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Inverted op amp

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fleur_

New Member
Earlier I wrote:


You have a table of output voltages at various frequencies.
You are looking for the gain of the amplifier, so you need to know the input voltage.
The gain is then the output volts divided by the input volts.
The gain can then be converted to dB using dB = 20Log10(V/v).

You do not state the input voltage so I am going to make the assumption that it was 200mV (0.2 volts).
Here is my interpretation of your results:

View attachment 96626

Using this table I produced this graph:

View attachment 96627


That is not too bad is it?

JimB
Thank you very much I also used a logarithmic scale base 10 for the frequency on the x axis as well as the gain because I forgot to mention that to you.So i just changed that myself. and ended up with this
upload_2016-1-7_9-32-58.png
 

fleur_

New Member
The discussion section in this report requires you to write make Comments on: The validity of any assumptions made. Practical problems encountered. Mistakes made. Any areas requiring more investigation.
I am just not too sure on how to do this bit
 

fleur_

New Member
Hi fleur_,

Your calculation is correct. In an inverting amplifier the gain is determined by the ratio of Rf/Rin. If you measured a gain of 10, instead of -10, then your meter probes were probably backwards.
Does that mean I can say that the difference between the theoretical voltage gain and actual gain is 20 and would the percentage error be 50%
 

audioguru

Well-Known Member
Most Helpful Member
You are mixing up the voltage gain of 10 times with the voltage gain of 20dB which are the same. The negative voltage gain is not a loss of gain, instead it is the output signal that has become inverted.
A voltage gain of 10 times= +20dB, 100 times= +40dB, 1000 times= +60dB, 10,000 times= +80dB etc. A voltage loss of 10 times is a loss of -20dB.

One assumption that you made was that the output resistance of the signal generator is zero ohms.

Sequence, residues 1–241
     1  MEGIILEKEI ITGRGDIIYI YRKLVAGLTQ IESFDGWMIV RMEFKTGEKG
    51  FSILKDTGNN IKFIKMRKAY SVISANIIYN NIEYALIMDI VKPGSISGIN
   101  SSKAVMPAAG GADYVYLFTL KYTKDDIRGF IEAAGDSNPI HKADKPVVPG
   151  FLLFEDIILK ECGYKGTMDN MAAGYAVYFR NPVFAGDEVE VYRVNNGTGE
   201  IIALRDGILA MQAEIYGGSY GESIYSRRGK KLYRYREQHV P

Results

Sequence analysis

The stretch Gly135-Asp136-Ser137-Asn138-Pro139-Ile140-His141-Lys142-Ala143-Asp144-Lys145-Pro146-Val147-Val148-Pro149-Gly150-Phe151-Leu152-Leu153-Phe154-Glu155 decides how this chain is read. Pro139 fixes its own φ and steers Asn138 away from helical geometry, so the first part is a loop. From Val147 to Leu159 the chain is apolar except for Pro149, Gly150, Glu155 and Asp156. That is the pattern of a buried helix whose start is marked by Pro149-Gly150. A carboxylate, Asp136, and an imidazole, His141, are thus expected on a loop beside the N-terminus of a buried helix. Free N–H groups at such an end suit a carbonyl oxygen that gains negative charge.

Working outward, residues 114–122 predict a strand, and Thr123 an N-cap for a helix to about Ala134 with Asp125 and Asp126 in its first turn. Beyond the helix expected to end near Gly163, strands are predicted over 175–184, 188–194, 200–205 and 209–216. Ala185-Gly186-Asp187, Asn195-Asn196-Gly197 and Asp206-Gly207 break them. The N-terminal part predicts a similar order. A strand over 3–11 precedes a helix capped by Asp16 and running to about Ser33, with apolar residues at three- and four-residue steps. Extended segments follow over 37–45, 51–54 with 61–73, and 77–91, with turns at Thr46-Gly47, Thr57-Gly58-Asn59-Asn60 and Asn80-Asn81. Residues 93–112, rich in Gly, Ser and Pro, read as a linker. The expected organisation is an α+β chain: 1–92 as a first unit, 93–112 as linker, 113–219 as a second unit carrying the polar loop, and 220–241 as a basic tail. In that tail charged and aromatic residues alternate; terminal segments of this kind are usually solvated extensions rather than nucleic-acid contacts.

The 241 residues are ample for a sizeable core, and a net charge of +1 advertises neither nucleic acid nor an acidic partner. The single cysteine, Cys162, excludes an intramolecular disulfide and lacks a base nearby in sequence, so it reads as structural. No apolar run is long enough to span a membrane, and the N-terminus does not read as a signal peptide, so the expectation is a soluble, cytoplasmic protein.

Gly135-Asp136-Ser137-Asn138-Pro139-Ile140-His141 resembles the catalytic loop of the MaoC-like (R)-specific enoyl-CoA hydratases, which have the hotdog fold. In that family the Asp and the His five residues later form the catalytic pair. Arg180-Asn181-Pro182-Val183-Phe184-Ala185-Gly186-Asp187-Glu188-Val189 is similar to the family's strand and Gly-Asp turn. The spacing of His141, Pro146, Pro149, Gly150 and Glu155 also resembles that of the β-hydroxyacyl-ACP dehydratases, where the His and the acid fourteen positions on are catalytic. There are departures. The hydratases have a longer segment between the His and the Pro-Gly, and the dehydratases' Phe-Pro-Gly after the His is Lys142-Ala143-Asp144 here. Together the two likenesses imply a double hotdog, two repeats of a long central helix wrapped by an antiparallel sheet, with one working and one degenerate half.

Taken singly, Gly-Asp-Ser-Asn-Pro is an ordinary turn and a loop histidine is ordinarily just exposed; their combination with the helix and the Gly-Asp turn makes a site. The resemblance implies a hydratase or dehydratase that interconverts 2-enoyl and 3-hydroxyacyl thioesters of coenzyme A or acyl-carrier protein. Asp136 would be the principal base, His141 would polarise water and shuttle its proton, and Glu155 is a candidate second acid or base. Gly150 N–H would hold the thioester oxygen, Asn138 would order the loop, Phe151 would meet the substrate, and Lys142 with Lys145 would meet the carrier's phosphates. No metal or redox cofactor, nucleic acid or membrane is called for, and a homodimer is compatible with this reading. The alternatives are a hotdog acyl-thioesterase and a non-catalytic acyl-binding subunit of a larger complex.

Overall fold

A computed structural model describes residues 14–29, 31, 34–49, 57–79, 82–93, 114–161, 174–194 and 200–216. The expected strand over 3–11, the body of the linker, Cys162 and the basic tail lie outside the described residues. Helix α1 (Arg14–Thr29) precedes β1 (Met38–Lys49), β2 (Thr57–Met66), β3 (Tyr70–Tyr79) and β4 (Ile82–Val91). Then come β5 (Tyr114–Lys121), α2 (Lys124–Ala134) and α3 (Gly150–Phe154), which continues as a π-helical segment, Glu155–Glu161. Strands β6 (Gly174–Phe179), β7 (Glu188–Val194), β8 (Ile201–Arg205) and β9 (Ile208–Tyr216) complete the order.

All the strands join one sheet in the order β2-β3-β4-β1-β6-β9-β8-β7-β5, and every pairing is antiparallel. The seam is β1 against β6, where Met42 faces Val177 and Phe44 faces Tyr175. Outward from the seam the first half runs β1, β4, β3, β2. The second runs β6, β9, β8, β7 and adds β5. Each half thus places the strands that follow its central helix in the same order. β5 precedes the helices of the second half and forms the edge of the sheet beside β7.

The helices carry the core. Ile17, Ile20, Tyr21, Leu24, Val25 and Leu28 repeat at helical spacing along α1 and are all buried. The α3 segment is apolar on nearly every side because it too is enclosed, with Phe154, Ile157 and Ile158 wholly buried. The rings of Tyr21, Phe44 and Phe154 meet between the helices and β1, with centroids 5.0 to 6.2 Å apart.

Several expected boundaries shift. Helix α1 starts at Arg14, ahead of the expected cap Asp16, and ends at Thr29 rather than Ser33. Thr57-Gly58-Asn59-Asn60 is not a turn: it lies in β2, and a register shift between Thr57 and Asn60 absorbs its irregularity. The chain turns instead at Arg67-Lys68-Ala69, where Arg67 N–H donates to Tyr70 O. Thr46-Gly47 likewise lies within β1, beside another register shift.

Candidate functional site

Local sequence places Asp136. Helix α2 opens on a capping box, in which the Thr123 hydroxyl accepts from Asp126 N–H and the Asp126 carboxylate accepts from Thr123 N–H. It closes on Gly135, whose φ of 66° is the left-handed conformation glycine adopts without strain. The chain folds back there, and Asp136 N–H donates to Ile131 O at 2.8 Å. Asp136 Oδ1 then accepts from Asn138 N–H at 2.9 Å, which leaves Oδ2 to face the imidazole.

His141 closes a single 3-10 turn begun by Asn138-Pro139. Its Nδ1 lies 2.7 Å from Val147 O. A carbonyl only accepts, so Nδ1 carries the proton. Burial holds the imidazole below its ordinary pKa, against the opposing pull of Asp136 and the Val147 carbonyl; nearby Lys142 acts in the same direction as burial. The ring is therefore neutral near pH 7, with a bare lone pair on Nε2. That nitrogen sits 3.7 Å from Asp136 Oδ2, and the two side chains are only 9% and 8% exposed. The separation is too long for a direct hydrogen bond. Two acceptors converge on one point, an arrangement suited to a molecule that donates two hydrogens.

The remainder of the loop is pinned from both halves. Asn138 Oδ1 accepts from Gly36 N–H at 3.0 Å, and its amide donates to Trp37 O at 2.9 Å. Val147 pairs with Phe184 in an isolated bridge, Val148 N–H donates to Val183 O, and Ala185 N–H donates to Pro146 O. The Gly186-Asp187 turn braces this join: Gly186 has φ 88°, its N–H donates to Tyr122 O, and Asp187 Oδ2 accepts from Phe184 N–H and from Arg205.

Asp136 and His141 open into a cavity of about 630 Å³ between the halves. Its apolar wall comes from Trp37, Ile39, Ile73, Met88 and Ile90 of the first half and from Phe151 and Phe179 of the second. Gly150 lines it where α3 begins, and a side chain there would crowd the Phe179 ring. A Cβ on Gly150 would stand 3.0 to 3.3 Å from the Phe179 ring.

A second assumption that you made is that the signal level is much lower than the 2Vp-p input shown on your schematic so that the poor slew rate of the lousy old (47 years old design) 741 opamp does not cut and distort the high frequencies.
A third assumption that you made is that you think all 741 opamps are the same which is not true. You tested only one and the datasheet shows only a typical one. But they are not all the same, some are worse and some are better.
 

fleur_

New Member
For the conclusion Key achievements and results. • Report on how closely the objectives have been met. What recommendations have been made
 

DerStrom8

Super Moderator
Does that mean I can say that the difference between the theoretical voltage gain and actual gain is 20 and would the percentage error be 50%

Since you were dealing with an AC input, I expect you failed to notice that the output was 180 degrees out-of-phase with the input. The output should have a -10x gain (the negative means it's 180* out of phase).
 

fleur_

New Member
I am trying to calculate the quantities labelled in this schematic Vr1,Vr2,ir3 and ir4 so i have to use ohms law but combine it with the rules for series and parallel resistors.
What I did so far is for the first two resistors in series I=V/R therefore 10V/100k+47 not sure if this is the correct way of doing it ....
upload_2016-1-7_21-17-6.png
 

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DerStrom8

Super Moderator
Be careful about your order of operations. Saying 10V/100k+47k won't give you the same answer as 10V/(100k+47k). In this case you need to make sure you add the resistors first.

That being said, if you're trying to find Itotal first (which I recommend), then you need to combine all of the resistors. Start with the series resistors and get one equivalent resistor, then combine the parallel resistors and get one equivalent resistor, and then you'll see that you simply have two resistors in series after that. Simply combine them, divide the 10v by the Rtotal you calculated by combining R1, R2, R3, and R4, and you have Itotal. That should give you a good start.